What Prince Charming Teaches Women

Most of us grew up watching the classic Disney movies: Cinderella, Sleeping Beauty, Lion King, Mulan, etc. As young children, these fairytales were fun to watch, entertaining us for hours. But as I’ve gotten older, I’ve slowly become aware of just how sexist most of these Disney movies actually are.

In nearly every Disney movie (although, the company is making some improvements with more recent films), there is a Prince Charming. He does not get a name- he is simply Charming. This shows you just how shallow this character really is. In none of the movies does the Prince develop a complex character, or think for himself; rather, he sees a woman that he desires and decides that she must belong to him.

While that is certainly problematic, the main issue with Disney’s films is that the main female character’s sole purpose in the story is to find a man. Let’s take Cinderella. She slaves away in the house all day, but instead of dreaming of getting out and running her own business, for example, she dreams of finding a prince. Another case: Sleeping Beauty literally will never get to live out the rest of her life unless her “true love” finds her.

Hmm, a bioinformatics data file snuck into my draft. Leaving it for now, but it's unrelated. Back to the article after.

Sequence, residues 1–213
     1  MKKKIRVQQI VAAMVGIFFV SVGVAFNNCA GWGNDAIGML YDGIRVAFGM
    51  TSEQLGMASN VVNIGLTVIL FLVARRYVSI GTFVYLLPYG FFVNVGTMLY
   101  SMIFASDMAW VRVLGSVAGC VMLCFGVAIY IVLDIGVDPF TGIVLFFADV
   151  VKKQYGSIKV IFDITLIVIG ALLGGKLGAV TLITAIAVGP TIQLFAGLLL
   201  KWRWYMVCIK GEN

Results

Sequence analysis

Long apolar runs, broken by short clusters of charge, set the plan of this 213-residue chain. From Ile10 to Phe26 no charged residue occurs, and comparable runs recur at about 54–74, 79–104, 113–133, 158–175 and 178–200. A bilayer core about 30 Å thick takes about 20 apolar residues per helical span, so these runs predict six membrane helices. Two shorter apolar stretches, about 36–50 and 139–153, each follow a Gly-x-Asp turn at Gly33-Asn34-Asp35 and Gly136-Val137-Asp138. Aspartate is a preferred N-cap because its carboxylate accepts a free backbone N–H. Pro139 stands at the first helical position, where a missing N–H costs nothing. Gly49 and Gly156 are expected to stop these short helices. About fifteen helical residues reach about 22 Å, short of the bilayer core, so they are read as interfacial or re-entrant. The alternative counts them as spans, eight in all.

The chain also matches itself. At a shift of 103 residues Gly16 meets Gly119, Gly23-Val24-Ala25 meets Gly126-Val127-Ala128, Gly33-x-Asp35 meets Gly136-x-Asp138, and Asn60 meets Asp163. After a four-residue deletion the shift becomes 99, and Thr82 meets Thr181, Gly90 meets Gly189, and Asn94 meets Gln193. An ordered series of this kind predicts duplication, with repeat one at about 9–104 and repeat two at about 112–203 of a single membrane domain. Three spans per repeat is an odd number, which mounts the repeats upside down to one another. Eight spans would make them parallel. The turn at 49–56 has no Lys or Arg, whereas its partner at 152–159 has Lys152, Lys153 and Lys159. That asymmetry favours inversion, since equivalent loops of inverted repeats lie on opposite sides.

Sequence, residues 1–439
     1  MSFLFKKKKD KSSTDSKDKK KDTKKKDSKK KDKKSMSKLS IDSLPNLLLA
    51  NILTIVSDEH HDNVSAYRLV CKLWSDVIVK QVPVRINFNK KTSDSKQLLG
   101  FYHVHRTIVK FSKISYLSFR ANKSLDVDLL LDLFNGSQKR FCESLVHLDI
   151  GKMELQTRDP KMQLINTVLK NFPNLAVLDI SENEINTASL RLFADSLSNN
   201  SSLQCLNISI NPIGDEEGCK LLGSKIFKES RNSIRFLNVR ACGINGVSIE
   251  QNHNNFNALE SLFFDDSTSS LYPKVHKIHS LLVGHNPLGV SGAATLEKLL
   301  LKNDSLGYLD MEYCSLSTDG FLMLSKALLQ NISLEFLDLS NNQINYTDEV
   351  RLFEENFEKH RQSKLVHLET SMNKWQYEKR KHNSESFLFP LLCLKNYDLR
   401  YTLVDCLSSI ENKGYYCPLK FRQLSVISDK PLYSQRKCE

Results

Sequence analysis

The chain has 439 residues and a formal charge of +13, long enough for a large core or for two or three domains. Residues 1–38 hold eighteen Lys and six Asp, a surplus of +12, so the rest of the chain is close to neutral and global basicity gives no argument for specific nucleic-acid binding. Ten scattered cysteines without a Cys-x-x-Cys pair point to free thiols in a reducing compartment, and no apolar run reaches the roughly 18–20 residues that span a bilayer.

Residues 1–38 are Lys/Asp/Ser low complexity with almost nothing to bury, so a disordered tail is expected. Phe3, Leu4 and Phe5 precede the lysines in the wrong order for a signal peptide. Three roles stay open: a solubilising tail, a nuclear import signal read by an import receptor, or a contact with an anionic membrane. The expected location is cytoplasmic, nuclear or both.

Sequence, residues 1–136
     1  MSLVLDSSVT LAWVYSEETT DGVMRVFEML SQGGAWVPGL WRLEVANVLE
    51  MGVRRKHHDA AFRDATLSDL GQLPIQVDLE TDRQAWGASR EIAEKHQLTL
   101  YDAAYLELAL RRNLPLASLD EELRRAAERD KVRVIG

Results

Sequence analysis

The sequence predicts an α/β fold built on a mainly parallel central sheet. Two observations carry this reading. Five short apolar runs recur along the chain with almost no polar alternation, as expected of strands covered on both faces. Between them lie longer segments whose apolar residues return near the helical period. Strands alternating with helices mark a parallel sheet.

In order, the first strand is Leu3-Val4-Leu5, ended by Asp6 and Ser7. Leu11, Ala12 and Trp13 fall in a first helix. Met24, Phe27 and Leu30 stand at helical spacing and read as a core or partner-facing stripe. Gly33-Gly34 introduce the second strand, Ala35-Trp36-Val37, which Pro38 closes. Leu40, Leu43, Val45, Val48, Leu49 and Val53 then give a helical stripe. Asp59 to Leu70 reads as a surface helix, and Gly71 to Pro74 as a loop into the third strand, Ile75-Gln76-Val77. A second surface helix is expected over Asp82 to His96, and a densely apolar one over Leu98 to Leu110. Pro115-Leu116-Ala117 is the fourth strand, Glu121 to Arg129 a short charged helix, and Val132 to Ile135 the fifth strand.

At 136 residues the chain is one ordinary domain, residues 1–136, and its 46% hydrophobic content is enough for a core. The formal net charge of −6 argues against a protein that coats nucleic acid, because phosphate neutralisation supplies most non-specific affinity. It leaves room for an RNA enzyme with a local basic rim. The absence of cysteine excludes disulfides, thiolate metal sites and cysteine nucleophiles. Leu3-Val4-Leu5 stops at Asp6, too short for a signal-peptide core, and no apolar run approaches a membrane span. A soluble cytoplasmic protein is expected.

What this is teaching young, impressionable girls is that they should strive to get a man’s attention. Very few Disney movies focus on the female character’s brain, or personality. In my evaluation, nearly all of these characters are horrifically vapid; they have no personality, and the sole point of their story is to find their prince and live happily ever after. We tell girls that they should work hard, not to do well in life and be successful on their own merit, but to get a prince to marry her. These stories continue to reinforce the message that a woman needs a man in order to have a “happy ending.”

Now, there are some Disney movies with redeeming qualities. One example that comes to mind is Mulan. She dresses up as a man (incredibly progressive for the time the movie was made), and fights in the army. She saves her country, and gets national recognition. While certainly an inspiring role model, even SHE ends up seeking the approval of a man.

I’m not saying no one should watch Disney movies. There are certainly appealing qualities to them- they are fun, they make us believe in magic, etc. But while watching them, especially when our children are the viewers, we have to be aware of this inherent sexism at play. We want to make sure that young women know they have more to aspire to than to be the wife of some “prince.” They are not required to get their happy ending the Disney way; any ending is happy, as long as the woman is satisfied.

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